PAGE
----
Endowment Fund Thrives in Economic Downturn

The stock market is down. Foreclosures are up. Consumer confidence is dismal. In this era of financial turmoil, good news rare—until now, that is.

In May 2007, Adventist Medical Center in Portland, Ore., celebrated the completion of its Chaplain Endowment Campaign, becoming the first hospital in the nation to have a fully endowed health care chaplain's department.

At the celebration, the campaign committee participated in a special prayer of dedication for the endowment funds. "We thanked God for the many dedicated donors and their gifts to the fund. We asked for wisdom for those making decisions on how the funds were to be invested and we prayed that God would help us be good stewards of what we considered to be sacred gifts," says Wendell White, Generations, LLC chairman and committee leader.

Fast-forward to 2009 and the daily bombardment with information detailing the meltdown of the financial markets, the wild fluctuations of the stock market and reduction of real estate values. There hasn't been much to celebrate.

"Recently a donor asked me how our Chaplain Endowment was faring in light of the country's current financial crisis," says John Korb, executive director of the AMC Foundation. "I shared there had been a change in investment funds and we were required to withdraw our money because the mutual fund we were using was being closed. Based on market volatility of the previous year, and feeling no major push to reinvest the funds, the decision was made to stay out of the market for a while."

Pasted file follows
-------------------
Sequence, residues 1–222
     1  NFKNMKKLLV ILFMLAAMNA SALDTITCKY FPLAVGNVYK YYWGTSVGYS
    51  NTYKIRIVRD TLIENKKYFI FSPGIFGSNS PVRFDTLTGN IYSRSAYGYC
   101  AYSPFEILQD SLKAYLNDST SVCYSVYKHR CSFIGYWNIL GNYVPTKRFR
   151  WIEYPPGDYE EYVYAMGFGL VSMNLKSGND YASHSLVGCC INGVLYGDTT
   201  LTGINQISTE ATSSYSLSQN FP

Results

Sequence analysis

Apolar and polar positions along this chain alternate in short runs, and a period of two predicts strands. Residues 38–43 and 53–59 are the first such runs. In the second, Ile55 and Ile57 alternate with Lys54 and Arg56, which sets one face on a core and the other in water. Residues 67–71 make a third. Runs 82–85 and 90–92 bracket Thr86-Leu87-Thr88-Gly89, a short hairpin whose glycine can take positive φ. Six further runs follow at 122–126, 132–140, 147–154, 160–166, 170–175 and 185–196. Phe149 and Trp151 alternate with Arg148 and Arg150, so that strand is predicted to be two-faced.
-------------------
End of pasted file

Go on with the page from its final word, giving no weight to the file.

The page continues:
"Then the financial crisis hit! As a result of our funds being in ‘cash,' every gift provided to build the endowment has been retained and is still earning interest to help provide chaplain services at Adventist Medical Center. This is something we can celebrate!" adds Korb.

"We believe this is a direct answer to our prayer asking God to protect and preserve these funds," Korb states. "This is even more remarkable when we see news reports that many major endowments across the country have lost 25 to 40 percent of their value in the past year.

"Chaplains lead our employees, medical staff and volunteers in the implementation of our mission to provide whole person care: body, mind and spirit. So in these times of financial stress, we can be joyful knowing that God is in control and leading in our mission of service," continues Korb.

To learn more about the mission at Adventist Medical Center, visit www.adventisthealthnw.com.

May 01, 2009 / Adventist Health
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